the uniqueness of the cross

the uniqueness of the cross

SUBSCRIBE
The articles in this online magazine carry the views of the contributors and do not necessarily represent that of the Cathedral's. Do subscribe to be notified when new articles are available.

ABOUT THE AUTHOR

{author} Photo

Dr Roland Chia is Chew Hock Hin Professor of Christian Doctrine at Trinity Theological College, Singapore.

Categories:

Contributors:

Archives:

1 April 2012

the uniqueness of the cross

For Christians throughout the ages, the cross of Christ stands at the very centre of the Christian faith. It is through the suffering of the Son of God and His death on the cross that the redemption of the world was achieved. But for Christians, the significance of the cross is more than our salvation. It shapes the way in which we understand the nature of God, the greatness of His love for humankind, and the meaning of the Christian life. Christians can only begin to understand the nature of God and the breadth, length, height, and depth of His love when we come to appreciate that ‘God shows His love for us in that while we were still sinners, Christ died for us’ (Romans 5:8). As one writer puts it, the cross of Christ ‘is so gloriously stupendous in its significance that it fills and dominates the whole Christian landscape’.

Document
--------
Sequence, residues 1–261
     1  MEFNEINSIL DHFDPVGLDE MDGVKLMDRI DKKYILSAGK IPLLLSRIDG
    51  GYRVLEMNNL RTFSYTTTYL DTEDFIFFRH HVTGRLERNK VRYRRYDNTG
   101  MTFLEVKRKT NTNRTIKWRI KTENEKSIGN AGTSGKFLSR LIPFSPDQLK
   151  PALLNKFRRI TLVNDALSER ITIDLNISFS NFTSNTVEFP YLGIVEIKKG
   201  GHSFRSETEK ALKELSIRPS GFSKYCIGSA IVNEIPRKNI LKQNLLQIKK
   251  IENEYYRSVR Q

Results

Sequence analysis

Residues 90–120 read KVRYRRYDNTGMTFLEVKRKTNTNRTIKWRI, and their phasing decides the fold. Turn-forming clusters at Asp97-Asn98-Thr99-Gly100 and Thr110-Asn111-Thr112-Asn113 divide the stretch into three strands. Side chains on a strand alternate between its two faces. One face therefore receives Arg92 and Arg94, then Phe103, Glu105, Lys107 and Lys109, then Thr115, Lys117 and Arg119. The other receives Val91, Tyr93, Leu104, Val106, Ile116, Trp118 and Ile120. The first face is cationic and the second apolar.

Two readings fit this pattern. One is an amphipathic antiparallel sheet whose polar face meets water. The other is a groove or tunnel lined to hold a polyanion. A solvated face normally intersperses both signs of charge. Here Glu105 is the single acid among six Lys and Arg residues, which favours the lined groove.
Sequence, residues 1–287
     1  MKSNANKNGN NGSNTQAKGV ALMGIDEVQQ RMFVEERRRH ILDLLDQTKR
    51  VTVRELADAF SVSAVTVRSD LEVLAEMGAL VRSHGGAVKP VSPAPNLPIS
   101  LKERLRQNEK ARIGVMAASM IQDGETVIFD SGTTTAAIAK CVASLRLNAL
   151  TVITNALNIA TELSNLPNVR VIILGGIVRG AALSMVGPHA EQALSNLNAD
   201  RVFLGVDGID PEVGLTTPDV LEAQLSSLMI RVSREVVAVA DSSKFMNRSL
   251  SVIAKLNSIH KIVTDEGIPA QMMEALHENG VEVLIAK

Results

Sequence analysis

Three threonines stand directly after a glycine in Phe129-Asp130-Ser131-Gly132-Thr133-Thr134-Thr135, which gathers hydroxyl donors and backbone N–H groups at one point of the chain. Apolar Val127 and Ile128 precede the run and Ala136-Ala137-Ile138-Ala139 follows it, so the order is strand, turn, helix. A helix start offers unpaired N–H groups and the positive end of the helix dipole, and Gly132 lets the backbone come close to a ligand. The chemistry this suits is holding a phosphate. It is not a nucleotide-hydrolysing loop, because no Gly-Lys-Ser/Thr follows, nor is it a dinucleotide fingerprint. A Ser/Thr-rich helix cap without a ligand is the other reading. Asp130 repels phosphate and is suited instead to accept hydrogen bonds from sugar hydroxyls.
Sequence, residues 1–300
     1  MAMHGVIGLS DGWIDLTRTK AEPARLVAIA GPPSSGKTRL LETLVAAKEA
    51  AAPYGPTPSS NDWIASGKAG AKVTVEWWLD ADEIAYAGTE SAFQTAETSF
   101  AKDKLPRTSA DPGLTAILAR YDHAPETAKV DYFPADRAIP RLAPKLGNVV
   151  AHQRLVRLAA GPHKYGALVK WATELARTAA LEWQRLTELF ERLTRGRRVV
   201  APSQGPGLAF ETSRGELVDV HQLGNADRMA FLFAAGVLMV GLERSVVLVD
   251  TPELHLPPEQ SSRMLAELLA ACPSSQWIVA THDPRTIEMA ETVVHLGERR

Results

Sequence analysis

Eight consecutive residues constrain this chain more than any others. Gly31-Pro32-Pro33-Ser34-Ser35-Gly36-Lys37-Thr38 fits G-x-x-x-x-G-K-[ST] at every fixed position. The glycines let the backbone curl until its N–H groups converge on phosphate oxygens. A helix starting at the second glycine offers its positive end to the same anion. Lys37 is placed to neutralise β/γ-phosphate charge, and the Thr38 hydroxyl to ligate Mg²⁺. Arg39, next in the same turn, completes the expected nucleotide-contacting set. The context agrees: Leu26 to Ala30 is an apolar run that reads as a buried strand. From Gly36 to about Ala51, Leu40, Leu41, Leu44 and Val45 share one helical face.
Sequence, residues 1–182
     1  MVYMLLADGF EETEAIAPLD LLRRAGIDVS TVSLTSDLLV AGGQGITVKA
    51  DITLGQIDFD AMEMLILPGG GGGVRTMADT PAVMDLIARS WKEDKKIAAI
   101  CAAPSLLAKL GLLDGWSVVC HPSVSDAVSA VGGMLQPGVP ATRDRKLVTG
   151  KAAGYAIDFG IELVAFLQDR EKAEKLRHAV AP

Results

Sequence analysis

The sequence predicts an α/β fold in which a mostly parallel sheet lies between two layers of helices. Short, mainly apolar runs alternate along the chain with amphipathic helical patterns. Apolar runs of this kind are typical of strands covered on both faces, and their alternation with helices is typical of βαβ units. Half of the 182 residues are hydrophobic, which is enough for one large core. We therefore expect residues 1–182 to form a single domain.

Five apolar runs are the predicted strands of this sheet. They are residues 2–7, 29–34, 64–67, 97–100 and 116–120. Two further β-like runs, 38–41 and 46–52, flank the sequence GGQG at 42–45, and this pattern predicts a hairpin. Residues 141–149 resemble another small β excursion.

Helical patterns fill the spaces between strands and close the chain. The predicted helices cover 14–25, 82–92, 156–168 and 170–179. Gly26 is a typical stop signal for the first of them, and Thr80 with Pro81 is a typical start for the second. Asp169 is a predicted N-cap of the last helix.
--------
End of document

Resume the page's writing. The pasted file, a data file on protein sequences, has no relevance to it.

Unfortunately, many people have mocked the Christian understanding of the significance of Christ’s death on the cross. In the second century, the great Christian apologist Justin Martyr reported that the cultured despisers of Christianity mocked the Christian claim that the crucified son of a carpenter was in fact God. Perhaps the most scathing critique came from the pen of the renowned philosopher of the same period, Celsus, who dismissed the ‘tree of life’ and ‘resurrection of the dead as fables’.